Monday, March 25, 2013

All those in favor, please signify…

I’ve been thinking lately about the asymmetries in the ways girls and boys are treated in the way things are currently structured within Mormonism, and here’s a subtle but (i think) important one: Active teen Mormon boys get more public approval of religious rites of passage than active teen Mormon girls do. Consider:

When a boy turns twelve, he gets presented before his congregation for being ordained as a deacon, and gets the affirmation of having everybody there affirm his worthiness.* When a girl turns twelve, she gets…well, bubkes. If she’s got a reasonably progressive bishop, she gets called up in front of the congregation and congratulated, but no affirmative vote by the congregation.

Age fourteen, same thing. Age sixteen, repeat it. And at age eighteen or nineteen, yet again. Every time, the boy gets positive affirmation, while the girl gets something rather less.

I’m not sure how this could be fixed, but i don’t think this is something rooted in doctrine so much as a “that’s the way we do stuff” sort of thing. I don’t know that the solution would be to have a sustaining vote for the girls at various ages (i mean, i don’t know what would be voted on, to begin with), but there’s got to be something. Thoughts?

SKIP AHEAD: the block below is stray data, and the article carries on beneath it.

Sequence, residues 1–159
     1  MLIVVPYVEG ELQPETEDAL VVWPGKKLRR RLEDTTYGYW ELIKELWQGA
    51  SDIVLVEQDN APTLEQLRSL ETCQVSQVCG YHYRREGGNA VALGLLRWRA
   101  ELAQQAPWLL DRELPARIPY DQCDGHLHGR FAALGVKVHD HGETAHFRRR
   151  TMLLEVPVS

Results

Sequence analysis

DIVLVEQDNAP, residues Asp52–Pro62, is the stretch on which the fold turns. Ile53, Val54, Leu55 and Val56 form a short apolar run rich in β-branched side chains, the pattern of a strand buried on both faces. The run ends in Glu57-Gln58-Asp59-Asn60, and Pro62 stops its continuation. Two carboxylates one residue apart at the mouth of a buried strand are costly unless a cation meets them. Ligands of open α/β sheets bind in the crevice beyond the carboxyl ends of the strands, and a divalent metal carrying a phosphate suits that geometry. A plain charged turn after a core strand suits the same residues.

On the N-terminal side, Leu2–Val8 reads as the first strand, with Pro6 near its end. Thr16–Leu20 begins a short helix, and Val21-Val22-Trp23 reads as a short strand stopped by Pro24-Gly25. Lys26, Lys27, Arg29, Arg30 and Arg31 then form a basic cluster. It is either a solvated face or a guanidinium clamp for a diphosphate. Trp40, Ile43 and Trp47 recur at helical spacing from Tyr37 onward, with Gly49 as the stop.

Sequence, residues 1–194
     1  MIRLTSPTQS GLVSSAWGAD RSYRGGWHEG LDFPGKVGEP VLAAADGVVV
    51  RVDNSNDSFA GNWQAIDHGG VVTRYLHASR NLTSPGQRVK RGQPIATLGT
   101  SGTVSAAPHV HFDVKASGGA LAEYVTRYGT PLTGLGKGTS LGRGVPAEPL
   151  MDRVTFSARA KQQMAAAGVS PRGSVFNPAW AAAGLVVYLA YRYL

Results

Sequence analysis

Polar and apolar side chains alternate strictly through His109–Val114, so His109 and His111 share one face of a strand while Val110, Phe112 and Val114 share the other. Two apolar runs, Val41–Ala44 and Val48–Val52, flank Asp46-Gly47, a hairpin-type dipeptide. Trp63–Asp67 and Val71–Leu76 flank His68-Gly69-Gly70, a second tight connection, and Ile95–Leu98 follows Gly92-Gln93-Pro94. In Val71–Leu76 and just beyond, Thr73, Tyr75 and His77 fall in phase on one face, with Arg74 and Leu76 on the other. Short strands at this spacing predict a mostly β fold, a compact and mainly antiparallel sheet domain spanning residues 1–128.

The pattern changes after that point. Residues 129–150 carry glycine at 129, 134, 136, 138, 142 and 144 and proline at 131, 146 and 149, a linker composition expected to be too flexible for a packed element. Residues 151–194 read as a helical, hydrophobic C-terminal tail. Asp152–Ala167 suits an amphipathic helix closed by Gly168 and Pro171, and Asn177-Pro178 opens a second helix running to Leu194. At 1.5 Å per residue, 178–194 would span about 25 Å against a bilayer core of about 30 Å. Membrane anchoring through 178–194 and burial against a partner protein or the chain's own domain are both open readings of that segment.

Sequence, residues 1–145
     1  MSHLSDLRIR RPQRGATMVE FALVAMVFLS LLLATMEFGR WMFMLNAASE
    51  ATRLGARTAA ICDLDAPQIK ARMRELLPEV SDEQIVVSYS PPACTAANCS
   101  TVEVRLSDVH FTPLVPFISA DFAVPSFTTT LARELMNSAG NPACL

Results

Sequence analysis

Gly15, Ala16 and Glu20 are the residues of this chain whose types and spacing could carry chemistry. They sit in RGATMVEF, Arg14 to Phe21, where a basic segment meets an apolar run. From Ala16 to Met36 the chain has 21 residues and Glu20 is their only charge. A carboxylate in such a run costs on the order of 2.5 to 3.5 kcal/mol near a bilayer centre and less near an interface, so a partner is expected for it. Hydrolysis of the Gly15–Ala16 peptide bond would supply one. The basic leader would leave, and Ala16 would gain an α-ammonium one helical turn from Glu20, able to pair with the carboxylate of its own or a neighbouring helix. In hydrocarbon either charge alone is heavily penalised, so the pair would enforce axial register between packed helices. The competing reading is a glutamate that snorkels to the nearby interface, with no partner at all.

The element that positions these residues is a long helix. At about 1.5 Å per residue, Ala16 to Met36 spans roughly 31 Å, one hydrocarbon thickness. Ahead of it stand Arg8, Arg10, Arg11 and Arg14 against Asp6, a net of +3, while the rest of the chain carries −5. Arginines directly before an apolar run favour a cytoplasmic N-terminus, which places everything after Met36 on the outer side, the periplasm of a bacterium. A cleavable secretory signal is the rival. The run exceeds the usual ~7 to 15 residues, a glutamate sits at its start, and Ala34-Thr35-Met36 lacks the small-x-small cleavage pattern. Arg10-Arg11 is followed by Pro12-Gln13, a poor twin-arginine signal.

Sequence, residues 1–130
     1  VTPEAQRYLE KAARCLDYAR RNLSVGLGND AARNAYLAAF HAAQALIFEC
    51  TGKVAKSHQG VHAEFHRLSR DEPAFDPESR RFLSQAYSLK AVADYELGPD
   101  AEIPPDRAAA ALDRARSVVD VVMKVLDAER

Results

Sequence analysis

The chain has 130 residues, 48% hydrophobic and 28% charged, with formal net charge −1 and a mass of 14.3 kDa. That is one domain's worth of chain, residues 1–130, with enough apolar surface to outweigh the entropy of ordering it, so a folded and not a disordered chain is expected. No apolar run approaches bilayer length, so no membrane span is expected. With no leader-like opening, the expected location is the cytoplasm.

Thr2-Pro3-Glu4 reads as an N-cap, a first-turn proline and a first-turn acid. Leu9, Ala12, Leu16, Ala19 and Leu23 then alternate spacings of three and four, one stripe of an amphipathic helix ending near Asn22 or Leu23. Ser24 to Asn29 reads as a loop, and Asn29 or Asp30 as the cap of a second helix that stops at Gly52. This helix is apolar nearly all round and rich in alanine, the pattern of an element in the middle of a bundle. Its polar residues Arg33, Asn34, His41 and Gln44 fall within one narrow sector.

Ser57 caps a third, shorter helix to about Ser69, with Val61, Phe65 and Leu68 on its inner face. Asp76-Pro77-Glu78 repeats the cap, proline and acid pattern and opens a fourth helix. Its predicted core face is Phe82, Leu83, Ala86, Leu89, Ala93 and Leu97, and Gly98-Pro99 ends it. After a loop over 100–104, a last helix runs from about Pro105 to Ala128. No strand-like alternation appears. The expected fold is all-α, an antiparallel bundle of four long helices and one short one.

* Yeah, i know, it’s possible that somebody in the congregation objects—but that’s rare enough that we can ignore it for the purpose of discussion, i think.

Monday, March 18, 2013

Breaking (musical) rules

So you should go sing along with “’Tis Sweet to Sing the Matchless Love”. (It’s okay, i’ll wait.)

Now go and do it again, and pay close attention to the way you sing the bit that goes (in the first verse) For Jesus died on Calvary. Now do it again, but pay attention to the soprano notes.

Generally, we sing the melody of our congregational songs such that they match the soprano line (transposed an octave or so down for the males and contraltos among us). Oddly, though, i have never heard a Mormon congregation sing the melody of this line of this song such that it matches the soprano notes—they sing along with the alto line, but a few notes higher (i.e., in the normal soprano range for the song).

I find this really interesting, ’cause i don’t think that it’s something that ever gets overtly taught—people just learn to sing the melody this way by hearing other people sing the melody this way. I wonder where it started, you know?

Wednesday, March 13, 2013

Blessings from others